The United Nations is perhaps the most prominent manifestation of an international order built on balancing sovereign equality with great-power politics in a bid to maintain international peace. But its capacity to do that—and to meet its other objectives, which include protecting human rights and delivering aid—have been severely constrained in recent years by its member states.

The real power in the U.N. lies with the five veto-wielding members of the Security Council—the United States, Russia, China, Great Britain and France. And they have used their positions to limit the institution’s involvement in major recent conflicts, including civil wars in Syria and Yemen. Meanwhile, peacekeeping operations, one of the U.N.’s critical functions, are in need of significant reform. Blue helmets are ensnared in difficult, unwieldy missions in places like Mali and South Sudan. But Russia and the United States shut down attempts to act on initial reform discussions that began last year.

Containment is the Correct Strategy for the Bipolar Middle East

by Rep. Mark Green

While many political scientists, Kenneth Waltz being perhaps the most prominent, believe that a bipolar world structure is the safest, the fact remains that alignment into bipolarity preceded every major war since the Peace of Westphalia. Perhaps that is why Richard Haass asserts the opposite, peace comes from multipolarity. Waltz suggests that the Cold War was proof of stability in a bipolar world. However, the Cold War was not so cold. Over three million people died in the Korean War, a conflict that was clearly a part of that East-West struggle. Whether it was the alignment leading up to World War I or The War of Spanish Succession, throughout history bipolarity established an opportunity for war on a grander scale. The current alignment into a bipolar Middle East presents just such a concern.

Following most great conflicts, exhaustion of nations led to peace, and peace treaties, attempts at what Secretary of State Henry Kissinger labeled “legitimacy.” This often created a multipolar region or world. As time passed, nations and their leaders would rely less on the created legitimacy and begin to rely on the balance of power to guarantee their survival and advance their agendas. Balance of power policies then led to alignments with like-minded nations. Soon the multipolar structure transitioned back to a bipolar one. What followed, sometimes instantaneously, was a major war.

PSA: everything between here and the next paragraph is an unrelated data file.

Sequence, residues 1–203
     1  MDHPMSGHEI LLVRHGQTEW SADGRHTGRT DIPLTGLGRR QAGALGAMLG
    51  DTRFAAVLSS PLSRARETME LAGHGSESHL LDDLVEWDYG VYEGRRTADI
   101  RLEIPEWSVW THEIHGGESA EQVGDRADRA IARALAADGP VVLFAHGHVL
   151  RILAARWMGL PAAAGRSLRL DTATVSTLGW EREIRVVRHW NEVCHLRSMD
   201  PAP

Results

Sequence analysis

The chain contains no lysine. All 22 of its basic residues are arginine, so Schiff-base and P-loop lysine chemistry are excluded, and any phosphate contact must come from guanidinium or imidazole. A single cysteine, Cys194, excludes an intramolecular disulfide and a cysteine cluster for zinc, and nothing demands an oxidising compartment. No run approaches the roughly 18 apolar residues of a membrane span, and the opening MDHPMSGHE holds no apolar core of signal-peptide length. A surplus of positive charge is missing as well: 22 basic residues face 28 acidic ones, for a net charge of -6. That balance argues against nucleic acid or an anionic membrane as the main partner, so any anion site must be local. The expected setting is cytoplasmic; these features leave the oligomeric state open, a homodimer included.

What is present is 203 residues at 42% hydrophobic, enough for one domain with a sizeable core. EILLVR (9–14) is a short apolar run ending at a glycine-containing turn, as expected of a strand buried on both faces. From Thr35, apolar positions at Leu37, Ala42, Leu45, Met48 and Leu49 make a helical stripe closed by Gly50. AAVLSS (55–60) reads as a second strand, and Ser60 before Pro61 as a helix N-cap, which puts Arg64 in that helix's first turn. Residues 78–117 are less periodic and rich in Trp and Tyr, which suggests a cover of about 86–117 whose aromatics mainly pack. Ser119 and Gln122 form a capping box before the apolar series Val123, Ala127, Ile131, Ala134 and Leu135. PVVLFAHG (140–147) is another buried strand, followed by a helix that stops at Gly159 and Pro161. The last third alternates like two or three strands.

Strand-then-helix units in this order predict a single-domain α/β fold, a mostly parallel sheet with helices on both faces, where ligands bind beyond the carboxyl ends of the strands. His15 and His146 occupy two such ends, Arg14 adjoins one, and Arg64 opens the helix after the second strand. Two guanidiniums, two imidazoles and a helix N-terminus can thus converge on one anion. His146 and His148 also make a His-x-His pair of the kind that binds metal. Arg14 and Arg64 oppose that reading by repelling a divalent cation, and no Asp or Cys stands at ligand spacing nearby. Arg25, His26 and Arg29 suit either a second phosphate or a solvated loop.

Hundreds Of Millions Would Die In A Nuclear War. Could It Happen?

by Kyle Mizokami

Key point: While the threat of nuclear war between the United States and Soviet Union has ended, the United States now faces the prospect of a similar war with Russia or China.

It is no exaggeration to say that for those who grew up during the Cold War, all-out nuclear war was “the ultimate nightmare.” The prospect of an ordinary day interrupted by air-raid sirens, klaxons and the searing heat of a thermonuclear explosion was a very real, albeit remote, possibility. Television shows such as The Day After and Threads realistically portrayed both a nuclear attack and the gradual disintegration of society in the aftermath. In an all-out nuclear attack, most of the industrialized world would have been bombed back to the Stone Age, with hundreds of millions killed outright and perhaps as many as a billion or more dying of radiation, disease and famine in the postwar period.

During much of the Cold War, the United States’ nuclear warfighting plan was known as the SIOP, or the Single Integrated Operating Plan. The first SIOP, introduced in 1962, was known as SIOP-62, and its effects on the Soviet Union, Warsaw Pact and China were documented in a briefing paper created for the Joint Chiefs of Staff and brought to light in 2011 by the National Security Archive. The paper presupposed a new Berlin crisis, similar to the one that took place in 1961, but escalating to full-scale war in western Europe.

Adversarial artificial intelligence: winning the cyber security battle

Artificial intelligence (AI) has come a long way since its humble beginnings. Once thought to be a technology that would struggle to find its place in the real world, it is now all around us. It’s in our phones, our cars, and our homes. It can influence the ads we see, the purchases we make and the television we watch. It’s also fast becoming firmly embedded in our working lives — particularly in the world of cyber security.

The Capgemini Research Institute recently found that one in five organisations used AI cyber security pre-2019, with almost two-thirds planning to implement it by 2020. The technology is used across the board in the detection and response to cyber attacks.

But as with any advancement in technology, AI is not only used for good. Just as cyber security teams are utilising machine learning to ward off threats, so too are bad actors weaponising the technology to increase the speed, effectiveness and impact of those threats.